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Eliezer_Yudkowsky comments on Cached Selves - Less Wrong

174 Post author: AnnaSalamon 22 March 2009 07:34PM

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Comment author: Eliezer_Yudkowsky 23 March 2009 11:21:15AM 4 points [-]

Not to mention that evolution is not going to design a system in order to make you feel like you are in control. That's more psychoanalytic than evolutionary-biological, I should think.

Comment author: pjeby 23 March 2009 04:13:42PM 3 points [-]

Sorry, I should've been clearer: it's in order to perpetuate this illusion to OTHER people, not to yourself. Using Robin's terms of "near" and "far", the function of verbal rationalization is to convince other people that you're actually making decisions based on the socially-shared "far" values, rather than your personal "near" values.

The fact that this rationalization also deludes you is only useful to evolution insofar as it makes you more convincing.

If language initially evolved as a command system, where hearing words triggered motor actions directly (and there is some evidence for this), then it's likely you'd end up with an arms race of people exploiting others verbally, and needing defenses against the exploits. Liars and persuaders, creating the need for disbelief, skepticism, and automatic awareness of self-interested (or ally-interested) reasoning.

But this entire "persuasion war" could (and very likely did) operate largely independent of the existing ("near") decision-making facilities. You'd only evolve a connection between the Savant and the Gossip (as I call the two intelligences) to the extent that you need near-mode information for the Gossip to do its job.

But... get this: part of the Gossip's arsenal is its social projection system... the ability to infer attitudes based on behavior. Simply self-applying that system, i.e., observing your own actions and experience, and then "rationalizing" them, gives you an illusion of personal consciousness and free will.

And it even gives you attribution error, simply because you have more data available about what was happening at the time the Savant actually made a decision.... even though the real reasons behind the Savant's choice may be completely opaque to you.

So, psychoanalysis gets repression completely wrong. As you say, evolution doesn't care what you think or feel. It's all about being able to "spin" things to others, and to do that, your Gossip operates on a need-to-know basis: it only bothers to ask the Savant for data that will help its socially-motivated reasoning.

Most of what I teach people to do -- and hell, much of what you teach people to do -- is basically about training the Gossip to ask the Savant better questions... and more importantly, getting it to actually pay attention to the answers, instead of confabulating its own.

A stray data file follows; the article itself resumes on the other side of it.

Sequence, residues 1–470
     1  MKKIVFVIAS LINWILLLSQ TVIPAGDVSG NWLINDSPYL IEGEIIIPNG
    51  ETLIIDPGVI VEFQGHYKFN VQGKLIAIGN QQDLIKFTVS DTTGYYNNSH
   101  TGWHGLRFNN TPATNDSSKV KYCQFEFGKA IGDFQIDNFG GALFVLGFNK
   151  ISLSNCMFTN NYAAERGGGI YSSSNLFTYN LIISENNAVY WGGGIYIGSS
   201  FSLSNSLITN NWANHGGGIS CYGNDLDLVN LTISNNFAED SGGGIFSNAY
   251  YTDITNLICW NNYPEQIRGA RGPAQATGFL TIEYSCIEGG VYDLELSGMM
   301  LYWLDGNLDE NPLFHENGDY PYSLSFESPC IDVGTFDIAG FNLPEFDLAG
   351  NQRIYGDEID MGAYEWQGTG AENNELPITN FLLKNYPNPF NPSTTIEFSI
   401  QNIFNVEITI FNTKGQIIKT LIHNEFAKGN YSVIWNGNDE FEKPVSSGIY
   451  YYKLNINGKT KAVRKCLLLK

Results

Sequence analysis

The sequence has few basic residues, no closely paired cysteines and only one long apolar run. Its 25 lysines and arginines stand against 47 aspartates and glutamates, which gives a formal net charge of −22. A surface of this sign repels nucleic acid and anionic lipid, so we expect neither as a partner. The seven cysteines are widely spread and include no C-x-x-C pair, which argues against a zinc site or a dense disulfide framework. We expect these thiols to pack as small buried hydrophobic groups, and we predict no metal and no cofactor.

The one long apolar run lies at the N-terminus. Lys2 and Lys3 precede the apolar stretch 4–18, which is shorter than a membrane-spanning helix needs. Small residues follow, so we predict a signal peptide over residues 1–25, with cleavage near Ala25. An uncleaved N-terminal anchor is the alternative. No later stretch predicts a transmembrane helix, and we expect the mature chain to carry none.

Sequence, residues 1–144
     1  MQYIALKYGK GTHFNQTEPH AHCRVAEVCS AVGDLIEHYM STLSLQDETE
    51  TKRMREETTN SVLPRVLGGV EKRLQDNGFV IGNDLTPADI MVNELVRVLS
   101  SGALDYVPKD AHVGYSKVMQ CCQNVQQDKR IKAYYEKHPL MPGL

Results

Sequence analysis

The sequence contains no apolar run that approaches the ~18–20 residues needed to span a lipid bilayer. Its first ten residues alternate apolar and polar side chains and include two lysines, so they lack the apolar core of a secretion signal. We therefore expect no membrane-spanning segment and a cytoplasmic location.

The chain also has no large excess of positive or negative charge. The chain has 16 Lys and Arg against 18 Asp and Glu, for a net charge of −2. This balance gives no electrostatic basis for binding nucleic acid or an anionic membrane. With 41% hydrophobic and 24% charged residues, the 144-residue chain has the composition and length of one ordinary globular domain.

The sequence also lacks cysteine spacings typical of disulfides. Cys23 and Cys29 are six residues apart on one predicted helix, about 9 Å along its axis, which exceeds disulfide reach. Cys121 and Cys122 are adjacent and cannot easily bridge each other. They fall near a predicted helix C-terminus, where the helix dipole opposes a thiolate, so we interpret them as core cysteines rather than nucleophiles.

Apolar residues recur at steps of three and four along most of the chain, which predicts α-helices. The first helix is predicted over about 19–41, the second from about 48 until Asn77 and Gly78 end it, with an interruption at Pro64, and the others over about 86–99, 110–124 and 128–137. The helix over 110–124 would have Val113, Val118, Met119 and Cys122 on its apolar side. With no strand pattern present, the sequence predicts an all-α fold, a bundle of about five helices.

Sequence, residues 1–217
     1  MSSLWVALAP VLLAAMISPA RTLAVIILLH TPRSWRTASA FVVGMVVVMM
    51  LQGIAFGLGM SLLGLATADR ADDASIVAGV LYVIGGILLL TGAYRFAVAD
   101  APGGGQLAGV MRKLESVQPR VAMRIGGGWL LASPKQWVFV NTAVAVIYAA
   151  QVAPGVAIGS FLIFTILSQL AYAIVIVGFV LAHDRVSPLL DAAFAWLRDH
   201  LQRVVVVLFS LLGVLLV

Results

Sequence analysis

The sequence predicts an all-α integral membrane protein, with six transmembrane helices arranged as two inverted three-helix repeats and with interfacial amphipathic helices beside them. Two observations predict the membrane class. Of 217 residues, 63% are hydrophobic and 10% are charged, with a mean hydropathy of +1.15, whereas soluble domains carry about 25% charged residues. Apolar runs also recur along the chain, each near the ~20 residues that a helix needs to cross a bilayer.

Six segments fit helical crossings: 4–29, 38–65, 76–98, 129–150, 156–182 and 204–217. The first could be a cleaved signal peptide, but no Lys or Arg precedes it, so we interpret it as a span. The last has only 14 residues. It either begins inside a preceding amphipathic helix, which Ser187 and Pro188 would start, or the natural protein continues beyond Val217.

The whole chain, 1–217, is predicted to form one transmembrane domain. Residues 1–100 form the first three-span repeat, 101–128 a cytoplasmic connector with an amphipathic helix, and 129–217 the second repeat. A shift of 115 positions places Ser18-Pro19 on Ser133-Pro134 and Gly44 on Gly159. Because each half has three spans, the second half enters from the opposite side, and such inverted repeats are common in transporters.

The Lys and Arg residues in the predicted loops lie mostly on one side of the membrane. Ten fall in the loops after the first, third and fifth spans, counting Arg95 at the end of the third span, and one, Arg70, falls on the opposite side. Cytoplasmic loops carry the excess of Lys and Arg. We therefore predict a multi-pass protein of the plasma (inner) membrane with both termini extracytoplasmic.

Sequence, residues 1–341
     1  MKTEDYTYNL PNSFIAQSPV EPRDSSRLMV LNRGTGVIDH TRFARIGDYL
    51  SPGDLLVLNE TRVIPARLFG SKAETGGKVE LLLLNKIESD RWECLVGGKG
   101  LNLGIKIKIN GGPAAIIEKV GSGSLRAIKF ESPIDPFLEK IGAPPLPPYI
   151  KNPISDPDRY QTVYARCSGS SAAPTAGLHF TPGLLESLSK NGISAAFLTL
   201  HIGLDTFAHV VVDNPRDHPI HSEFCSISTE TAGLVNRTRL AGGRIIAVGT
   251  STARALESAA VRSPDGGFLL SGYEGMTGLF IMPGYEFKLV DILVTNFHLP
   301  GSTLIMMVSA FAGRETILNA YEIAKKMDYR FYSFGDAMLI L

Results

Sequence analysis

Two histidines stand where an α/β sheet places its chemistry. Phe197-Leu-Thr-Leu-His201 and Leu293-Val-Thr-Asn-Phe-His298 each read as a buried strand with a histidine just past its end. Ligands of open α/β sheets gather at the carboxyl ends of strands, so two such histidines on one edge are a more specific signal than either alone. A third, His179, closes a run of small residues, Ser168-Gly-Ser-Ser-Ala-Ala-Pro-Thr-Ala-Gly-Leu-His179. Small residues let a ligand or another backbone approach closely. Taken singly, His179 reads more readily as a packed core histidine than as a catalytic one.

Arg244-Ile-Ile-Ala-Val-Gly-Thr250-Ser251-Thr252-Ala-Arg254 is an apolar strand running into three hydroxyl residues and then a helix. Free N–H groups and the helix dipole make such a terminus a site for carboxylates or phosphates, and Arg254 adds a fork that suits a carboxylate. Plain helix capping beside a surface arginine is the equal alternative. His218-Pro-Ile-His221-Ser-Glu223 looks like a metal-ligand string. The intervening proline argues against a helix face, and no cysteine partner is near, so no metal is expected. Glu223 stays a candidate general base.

Comment author: Emile 23 March 2009 05:22:39PM 0 points [-]

Minor terminology quibble: I'm not very fond of the terms "savant" and "gossip", I can't really tell "which is which" :P

Savant = near mind, "subconscious mind", "horse brain"/"robot brain" (using your other terminology)

Gossip = far mind, "conscious mind", "monkey brain"

... though I also see the problem with re-using more accepted terms like "subconscious mind" - people already have a lot of ideas of what those mean, so starting with new terminology can work better.

Comment author: pjeby 23 March 2009 06:56:32PM 0 points [-]

I can't really tell "which is which"

Yeah, when I officially write these up, I'll describe them as characters... thereby reusing the Gossip's "character recognition" technology. ;-) That is, I'll tell a story or two illustrating their respective characters.

Or maybe I'll just borrow the story of Rain Man, since Dustin Hoffman played an autistic savant, and Tom Cruise played a very status-oriented (i.e. "gossipy") individual, and the story was about the Gossip learning to appreciate and pay attention to the Savant. ;-)

... though I also see the problem with re-using more accepted terms like "subconscious mind" - people already have a lot of ideas of what those mean, so starting with new terminology can work better.

Right, and the same thing goes for left/right brain, etc. What's more, terms like Savant and Gossip can retain their conceptual and functional meaning even as we improve our anatomical understanding of where these functions are located. Really, for purposes of using the brain, it doesn't ordinarily matter where each function is located, only that you be able to tell which ones you're using, so you can learn to use the ones that work for the kinds of thinking you want to do.